Fort Worth approves nearly $70 million in incentives for Linear Labs electric motor plant
June 18, 2020 •Brad
By Dom DiFurio
Fort Worth approved a $68.9 million economic incentive package Tuesday for electric motor company Linear Labs to develop a 500,000 square foot manufacturing plant in the city.
A majority of Fort Worth’s city council voted in favor of the incentive package, which is expected to support at least 1,200 new jobs over the next 10 years.
“Fort Worth continues to establish itself as a hub for technology and innovation companies and we are thrilled to add Linear Labs’ new research and production facility to that list,” Fort Worth Mayor Betsy Price said in a prepared statement.
Linear Labs created the Hunstable Electric Turbine, an electric motor that operates more efficiently, costs less to manufacture and can be used in cars, scooters, robotics, wind turbines and more.
Founder and CEO Brad Hunstable has said previously that he would like to see the company turn Dallas-Fort Worth into the “Detroit of electrification.” And with the company’s planned manufacturing plant and newly approved incentive plan, that vision may be closer to becoming a reality.
The company is entering the commercialization phase to bring its electric motors to market. It’s already working with vendors around the world that are starting to build its motors with traditional methods in China and Mexico, Hunstable said.
“My vision for the city was ‘Hey look, I have the motor of the future. We have the ability to be the next Siemens,'” said Hunstable, who was a cofounder and former CEO of Ustream, which sold to IBM in 2016 for $150 million. “’But we have the option to do it here in Fort Worth and be an American company, not an American headquarters with global manufacturing.'”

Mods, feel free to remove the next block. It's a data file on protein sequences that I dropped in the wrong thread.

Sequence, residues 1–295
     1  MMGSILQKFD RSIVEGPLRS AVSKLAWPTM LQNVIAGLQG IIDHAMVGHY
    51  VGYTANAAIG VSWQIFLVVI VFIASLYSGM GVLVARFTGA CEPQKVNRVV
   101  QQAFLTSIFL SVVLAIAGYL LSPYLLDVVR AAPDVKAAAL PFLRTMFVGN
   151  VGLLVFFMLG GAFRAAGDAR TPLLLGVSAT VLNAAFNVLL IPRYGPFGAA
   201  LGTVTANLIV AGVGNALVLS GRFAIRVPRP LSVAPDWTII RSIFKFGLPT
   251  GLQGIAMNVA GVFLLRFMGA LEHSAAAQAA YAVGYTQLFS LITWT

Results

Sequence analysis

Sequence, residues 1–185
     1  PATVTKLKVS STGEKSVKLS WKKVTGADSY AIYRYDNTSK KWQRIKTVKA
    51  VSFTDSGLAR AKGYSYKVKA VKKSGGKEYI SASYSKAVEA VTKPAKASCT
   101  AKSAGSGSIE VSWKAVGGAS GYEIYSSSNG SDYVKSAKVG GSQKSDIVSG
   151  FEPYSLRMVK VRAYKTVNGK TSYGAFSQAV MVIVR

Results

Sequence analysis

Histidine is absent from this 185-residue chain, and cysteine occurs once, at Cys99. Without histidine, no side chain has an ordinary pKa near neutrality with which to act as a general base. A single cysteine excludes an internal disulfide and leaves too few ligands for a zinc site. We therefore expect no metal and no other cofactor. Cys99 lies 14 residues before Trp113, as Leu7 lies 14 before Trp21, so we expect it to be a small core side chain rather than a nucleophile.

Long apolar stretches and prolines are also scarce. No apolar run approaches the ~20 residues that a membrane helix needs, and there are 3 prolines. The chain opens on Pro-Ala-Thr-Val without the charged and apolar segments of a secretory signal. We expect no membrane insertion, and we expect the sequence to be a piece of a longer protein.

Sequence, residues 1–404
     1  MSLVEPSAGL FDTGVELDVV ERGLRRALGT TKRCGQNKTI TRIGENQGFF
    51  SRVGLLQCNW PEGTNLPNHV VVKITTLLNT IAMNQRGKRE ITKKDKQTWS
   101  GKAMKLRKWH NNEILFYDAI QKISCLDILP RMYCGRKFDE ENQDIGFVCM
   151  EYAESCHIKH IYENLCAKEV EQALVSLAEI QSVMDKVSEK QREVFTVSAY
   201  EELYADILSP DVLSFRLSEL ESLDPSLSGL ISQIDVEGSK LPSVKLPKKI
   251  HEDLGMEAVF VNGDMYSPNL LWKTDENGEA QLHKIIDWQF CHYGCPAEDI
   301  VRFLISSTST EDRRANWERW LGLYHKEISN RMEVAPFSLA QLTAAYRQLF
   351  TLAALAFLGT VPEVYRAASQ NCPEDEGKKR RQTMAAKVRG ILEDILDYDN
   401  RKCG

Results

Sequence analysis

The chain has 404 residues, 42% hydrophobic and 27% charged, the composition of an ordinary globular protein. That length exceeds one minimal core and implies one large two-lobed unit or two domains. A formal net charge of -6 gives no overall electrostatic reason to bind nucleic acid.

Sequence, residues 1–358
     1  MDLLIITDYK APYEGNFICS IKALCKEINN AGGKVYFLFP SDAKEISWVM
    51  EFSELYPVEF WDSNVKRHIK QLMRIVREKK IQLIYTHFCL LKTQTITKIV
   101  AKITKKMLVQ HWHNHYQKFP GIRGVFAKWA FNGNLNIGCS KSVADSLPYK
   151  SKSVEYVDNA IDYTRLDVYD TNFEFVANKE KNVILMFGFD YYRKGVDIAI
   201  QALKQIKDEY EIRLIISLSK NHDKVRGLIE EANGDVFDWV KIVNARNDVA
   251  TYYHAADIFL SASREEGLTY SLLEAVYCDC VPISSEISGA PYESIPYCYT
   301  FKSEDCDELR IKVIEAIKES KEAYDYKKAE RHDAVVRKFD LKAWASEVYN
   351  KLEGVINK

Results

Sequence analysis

Hunstable said he envisions a production process that’ll include highly skilled workers, advanced robotics and automation. The new facility will be at the current site of the Alliance Fort Worth Maintenance Facility, 2060 Eagle Parkway, and must be partly operational by the end of 2023, according to city documents.
In order to receive the full incentive package, Linear Labs will be required to maintain its headquarters in the city and meet a handful of operational and hiring milestones by its eighth year of operation, city records show.
The jobs also must pay an average salary of at least $70,000. That rises to $90,000 for research and development positions.
Linear Labs will also have to spend $135 million on research and development annually by its eighth year in operation, according to the agreement.
In return, the city is extending up to 15 grants capped at $68.9 million to the company over the next 10 years.
Hunstable, who started Linear Labs in 2014 with his father Fred, said he expects the company to move much quicker than the incentive agreement timeline, with pieces of the manufacturing line coming online over the next year.
“We’re moving fast,” he said. “Demand is there.”
The company will be “aggressively hiring” electrical and traditional engineers, robotics and industrial engineers and software engineers, Hunstable said. It will also be hiring automation technicians.